Complexity scares people, so yes maybe the days of AMP are numbered.

@KaseyM
and cuts CPM's down to barebones while it's at it.

I am not sure that this is really accurate. I do see lower RPM for ads appearing on AMP pages. I suspect that one is seeing a biased metric. In my case the AMP pages are nearly always the landing pages (this should be the case in most situations unless one has an AMP only website), from those pages the users go on to non-amp versions of the pages. I suspect, but have no way of verifying, that landing pages have a lower CTR. Thus if you collect data from only landing pages the RPM will likely be lower. So to make a fair comparison one would need to compare AMP landing page RPM to non-AMP landing page RPM in which case I would guess that AMP RPM would be equal or similar to non-AMP RPM.
9:33 pm on Sept 19, 2018 (gmt 0)

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Plenty of insight and facts there, not rants, but then they are not beholden to Google for their incomes via adsense, so they can be impartial..
9:51 pm on Sept 19, 2018 (gmt 0)

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Sorry you right those are very well written articles with no bias.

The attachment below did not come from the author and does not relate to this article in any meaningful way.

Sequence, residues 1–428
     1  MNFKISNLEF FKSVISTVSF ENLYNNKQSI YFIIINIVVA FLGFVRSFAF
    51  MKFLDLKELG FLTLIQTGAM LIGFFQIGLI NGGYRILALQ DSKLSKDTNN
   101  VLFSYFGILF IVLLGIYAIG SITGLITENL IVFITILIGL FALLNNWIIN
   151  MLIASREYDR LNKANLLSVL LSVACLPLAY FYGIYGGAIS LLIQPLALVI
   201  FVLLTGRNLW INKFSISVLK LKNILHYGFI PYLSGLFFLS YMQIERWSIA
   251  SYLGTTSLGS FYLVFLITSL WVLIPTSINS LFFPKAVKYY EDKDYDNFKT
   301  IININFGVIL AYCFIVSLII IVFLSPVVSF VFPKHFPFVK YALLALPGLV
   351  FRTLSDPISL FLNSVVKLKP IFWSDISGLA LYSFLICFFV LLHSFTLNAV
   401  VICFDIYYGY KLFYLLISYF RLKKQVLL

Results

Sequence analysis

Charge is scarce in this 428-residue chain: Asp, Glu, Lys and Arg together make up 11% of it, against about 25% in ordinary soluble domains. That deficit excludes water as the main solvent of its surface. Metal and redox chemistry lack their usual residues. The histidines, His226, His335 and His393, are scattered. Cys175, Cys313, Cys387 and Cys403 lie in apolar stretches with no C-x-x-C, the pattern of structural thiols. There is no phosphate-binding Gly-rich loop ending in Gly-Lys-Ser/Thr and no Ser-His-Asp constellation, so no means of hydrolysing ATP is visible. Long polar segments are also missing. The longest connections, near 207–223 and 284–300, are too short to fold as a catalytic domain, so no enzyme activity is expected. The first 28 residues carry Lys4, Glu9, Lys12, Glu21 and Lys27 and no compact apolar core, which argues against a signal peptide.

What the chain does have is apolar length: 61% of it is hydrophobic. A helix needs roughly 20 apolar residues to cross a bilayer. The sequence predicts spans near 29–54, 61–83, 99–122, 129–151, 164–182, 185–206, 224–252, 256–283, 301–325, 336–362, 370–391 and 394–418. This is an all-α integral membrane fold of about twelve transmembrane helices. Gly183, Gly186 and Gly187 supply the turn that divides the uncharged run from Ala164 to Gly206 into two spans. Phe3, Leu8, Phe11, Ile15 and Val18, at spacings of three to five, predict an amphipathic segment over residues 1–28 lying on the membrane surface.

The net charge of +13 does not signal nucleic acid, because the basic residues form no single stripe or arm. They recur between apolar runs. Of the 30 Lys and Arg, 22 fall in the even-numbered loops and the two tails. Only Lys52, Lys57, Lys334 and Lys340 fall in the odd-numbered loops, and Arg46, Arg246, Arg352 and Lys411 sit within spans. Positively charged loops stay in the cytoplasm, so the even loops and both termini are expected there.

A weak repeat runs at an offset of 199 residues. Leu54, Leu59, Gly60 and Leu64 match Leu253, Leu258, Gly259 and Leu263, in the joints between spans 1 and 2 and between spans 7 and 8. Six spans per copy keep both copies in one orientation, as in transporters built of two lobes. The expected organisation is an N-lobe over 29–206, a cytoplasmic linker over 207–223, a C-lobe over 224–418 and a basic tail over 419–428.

Here are some gems of insight from the first article:
Google can go to hell.

F#&! you Google, and f#&! the AMP horse you rode in on.


No that's not a rant.

@Leosghost I expected more from you. You often bring well thought out arguments and ideas to the discussion but not with those two articles.
10:02 pm on Sept 19, 2018 (gmt 0)

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You dispute the facts of what they say about amp, or how they say it..?
10:20 pm on Sept 19, 2018 (gmt 0)

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Both.

The speed test in the second example is flawed. The speed benefit of amp comes from testing the cached instance of the page. The test is conducted by requesting the actually instance of the AMP page. It is nearly impossible for someone other than Google to test the speed of the amp page because to do so requires that the page be displayed from Google search and none of the testing tools allow you to do this. This is one the most flagrant mis-steps in these articles but there are plenty of others. The bottom line is that the authors spend to much time bashing Google and not enough time understanding how AMP really works.